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Homeowner's Guide to Fungicides for Lawn and Landscape Disease Management

Philip Harmon and Aaron Palmateer

Homeowners are generally discouraged from using fungicide products to manage diseases of the lawn and landscape for the following reasons:

  • Fungicide products have been developed to help manage specific plant diseases. There is no one product suitable for every situation.
  • Correct diagnosis of the disease being treated is necessary to select the appropriate fungicide products. Diagnosing the disease is difficult to do based on visual appearance alone
  • Timing (i.e., when and how much) applications to effectively control a disease is a complex task. In many cases, there is a narrow window of time when best performance is likely. It takes experience to recognize that window through close observation of the plant and environment. Reapplication is necessary at intervals that depend on how long the fungicide persists and remains effective. In addition, there is no available curative treatment once symptoms of some diseases have developed. Fungicide applications will help only with preventing spread to other areas in these situations.
  • There are specialized skills, equipment, and a certain attention to detail that is required to effectively and safely measure, dilute, and apply fungicide products.

That being said, many fungicides are packaged for and marketed to homeowners. These products can help manage some lawn and landscape diseases when used appropriately.

What is a disease?

Plants die for many reasons, not all of which are diseases. Many environmental stresses can mimic diseases. A variety of injuries (e.g., mowing the grass too short) or disorders (e.g., nutritional deficiencies, drought) can result in plant death, yet not involve a pathogen. Disease occurs when a pathogen infects a plant and disrupts growth and appearance. This could eventually kill that plant over time. The most common plant pathogens include fungi, bacteria, and viruses.

Disease Triangle

Environmental factors influence disease development in the landscape. When the environment favors the host plant, disease is unlikely to occur. When environmental factors favor growth of the pathogen and infection of the host, disease is more likely to occur. All three sides of the disease triangle (Figure 1) must be present for disease to occur: a susceptible host, a pathogen that can cause disease, and an environment favorable for infection and disease development.

Figure 1. Without all three sides, a triangle collapses. Disease only occurs when all three of the following are present: a pathogen that can infect a susceptible host plant during a time period with environmental conditions that favor infection and disease development.
Figure 1.  Without all three sides, a triangle collapses. Disease only occurs when all three of the following are present: a pathogen that can infect a susceptible host plant during a time period with environmental conditions that favor infection and disease development.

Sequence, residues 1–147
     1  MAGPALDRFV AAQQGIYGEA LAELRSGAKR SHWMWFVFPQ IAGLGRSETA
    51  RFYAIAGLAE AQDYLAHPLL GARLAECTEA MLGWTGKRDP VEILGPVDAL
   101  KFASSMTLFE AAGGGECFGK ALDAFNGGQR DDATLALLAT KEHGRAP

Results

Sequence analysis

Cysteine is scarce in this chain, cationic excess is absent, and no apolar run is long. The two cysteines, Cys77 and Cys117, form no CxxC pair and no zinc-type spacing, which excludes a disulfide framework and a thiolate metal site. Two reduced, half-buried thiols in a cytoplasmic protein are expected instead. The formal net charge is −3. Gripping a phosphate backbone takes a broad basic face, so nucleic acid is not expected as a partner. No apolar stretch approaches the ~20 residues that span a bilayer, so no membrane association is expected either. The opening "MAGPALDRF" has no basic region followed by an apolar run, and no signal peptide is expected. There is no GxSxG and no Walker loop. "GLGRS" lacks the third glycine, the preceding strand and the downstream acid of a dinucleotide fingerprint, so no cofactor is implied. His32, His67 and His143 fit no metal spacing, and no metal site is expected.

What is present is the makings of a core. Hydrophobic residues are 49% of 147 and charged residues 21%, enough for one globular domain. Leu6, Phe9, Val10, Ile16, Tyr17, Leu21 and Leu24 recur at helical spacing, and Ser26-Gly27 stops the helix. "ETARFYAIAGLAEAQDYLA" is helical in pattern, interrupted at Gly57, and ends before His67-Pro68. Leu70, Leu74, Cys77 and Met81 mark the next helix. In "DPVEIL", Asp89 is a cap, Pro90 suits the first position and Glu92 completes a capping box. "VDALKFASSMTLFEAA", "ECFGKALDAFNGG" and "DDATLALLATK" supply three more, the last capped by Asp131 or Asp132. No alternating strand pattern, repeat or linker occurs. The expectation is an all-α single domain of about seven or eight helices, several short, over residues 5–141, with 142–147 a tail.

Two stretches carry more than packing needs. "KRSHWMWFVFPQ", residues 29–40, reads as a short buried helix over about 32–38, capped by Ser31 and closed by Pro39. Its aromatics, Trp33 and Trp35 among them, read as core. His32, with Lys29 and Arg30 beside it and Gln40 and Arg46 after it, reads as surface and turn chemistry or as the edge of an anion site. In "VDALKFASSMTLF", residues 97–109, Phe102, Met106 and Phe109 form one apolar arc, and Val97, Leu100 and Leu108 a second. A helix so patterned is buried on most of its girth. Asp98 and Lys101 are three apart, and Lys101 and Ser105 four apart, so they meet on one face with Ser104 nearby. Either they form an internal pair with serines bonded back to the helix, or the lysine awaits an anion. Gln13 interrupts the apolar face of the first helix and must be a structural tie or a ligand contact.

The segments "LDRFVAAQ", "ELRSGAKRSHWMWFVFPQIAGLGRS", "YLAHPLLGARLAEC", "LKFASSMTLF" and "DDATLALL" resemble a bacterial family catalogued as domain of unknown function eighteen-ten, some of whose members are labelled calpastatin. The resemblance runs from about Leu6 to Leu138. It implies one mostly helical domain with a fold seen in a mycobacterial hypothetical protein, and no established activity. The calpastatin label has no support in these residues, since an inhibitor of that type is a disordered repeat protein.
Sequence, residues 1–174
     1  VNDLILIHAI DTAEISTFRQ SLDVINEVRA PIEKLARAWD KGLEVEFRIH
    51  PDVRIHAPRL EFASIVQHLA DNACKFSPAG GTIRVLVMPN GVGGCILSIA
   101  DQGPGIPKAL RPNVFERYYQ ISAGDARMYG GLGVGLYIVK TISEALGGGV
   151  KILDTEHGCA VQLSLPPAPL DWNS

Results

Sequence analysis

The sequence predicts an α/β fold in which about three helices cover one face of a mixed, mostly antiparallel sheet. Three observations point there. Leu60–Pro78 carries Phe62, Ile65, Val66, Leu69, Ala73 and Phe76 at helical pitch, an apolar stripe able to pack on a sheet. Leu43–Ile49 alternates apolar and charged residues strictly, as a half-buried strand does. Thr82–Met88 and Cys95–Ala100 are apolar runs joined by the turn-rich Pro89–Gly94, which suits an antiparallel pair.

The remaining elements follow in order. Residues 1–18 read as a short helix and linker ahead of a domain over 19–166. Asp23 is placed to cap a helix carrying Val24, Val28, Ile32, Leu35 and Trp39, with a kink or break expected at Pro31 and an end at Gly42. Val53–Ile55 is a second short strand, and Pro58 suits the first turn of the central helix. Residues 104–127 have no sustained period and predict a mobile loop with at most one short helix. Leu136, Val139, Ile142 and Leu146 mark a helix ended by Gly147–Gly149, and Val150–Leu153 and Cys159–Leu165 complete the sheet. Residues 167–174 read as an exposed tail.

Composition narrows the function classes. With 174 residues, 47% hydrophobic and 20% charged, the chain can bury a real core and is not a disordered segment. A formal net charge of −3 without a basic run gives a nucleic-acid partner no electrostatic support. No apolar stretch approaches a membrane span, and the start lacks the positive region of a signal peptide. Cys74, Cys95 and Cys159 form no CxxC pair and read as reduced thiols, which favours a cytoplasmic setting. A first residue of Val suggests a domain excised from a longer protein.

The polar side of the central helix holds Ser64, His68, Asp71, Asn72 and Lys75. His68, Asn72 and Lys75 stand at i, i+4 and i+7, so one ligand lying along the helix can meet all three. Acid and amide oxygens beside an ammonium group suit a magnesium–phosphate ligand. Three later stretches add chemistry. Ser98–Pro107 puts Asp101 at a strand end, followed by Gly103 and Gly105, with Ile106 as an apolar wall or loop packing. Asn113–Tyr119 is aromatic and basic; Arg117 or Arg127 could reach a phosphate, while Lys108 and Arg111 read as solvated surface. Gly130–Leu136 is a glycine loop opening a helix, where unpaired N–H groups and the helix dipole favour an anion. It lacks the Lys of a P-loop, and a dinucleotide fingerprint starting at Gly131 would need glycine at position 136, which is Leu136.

Environmental factors affecting disease development include (but are not limited to) the following:

  1. Temperature—Fungal diseases occur over a wide range of temperatures.
  2. Moisture—High relative humidity favors fungal pathogen growth.
  3. Wind—Wind increases the spread of plant pathogens and the number of wounds on host plants.
  4. Wounds—Pruning and hedge trimming can create wounds that allow pathogens to enter a plant.
  5. Host—All plants are not susceptible to all pathogens; each pathogen has a host range.
  6. Soil Type—Sandy soil can stress plants because of its low moisture-holding capacity, while a high clay level can cause stress because of its excessive water-holding capacity.
  7. Fertility—Low fertility causes stress, while excessive fertilizers can provide a flush of growth that is more susceptible to disease.
  8. Light—Insufficient light can favor certain diseases.
  9. Herbicides—Herbicides can increase the severity of certain diseases.
  10. Air Pollutants—Air pollutants can cause direct symptoms on the host and affect the pathogen.

Disease Diagnosis

Because of the wide range of problems that occurs on the many plants in a landscape, determining which disease is affecting the plant or turfgrass is often difficult. Correctly diagnosing disease problems is critical because treatment recommendations are vastly different for different disease problems. To diagnose a plant disease problem, homeowners can

Once the cause of the problem is known, homeowners can determine how to manage it and prevent the problem from occurring again.

Disease Prevention

A proper irrigation schedule, good fertilization regime, and planting the right plant for the right place reduce the chance of some diseases becoming a problem. Maintaining healthy and stress-free plants helps reduce the chance that a landscape will become diseased. Just like humans, plants are more capable of thriving and surviving an infection if they are healthy and not already plagued by stress. When introducing new plants into the landscape, homeowners should take care to choose a strong and healthy plant that is not already infected with a pathogen. To do this, homeowners should look for signs (e.g., fungus spores and structures) and symptoms (e.g., wilts, spots, stunting, and cankers) of plant disease on the plant and root system. It is a good idea to only purchase plants from reputable and licensed nurseries. "Bargain" plants should be inspected carefully.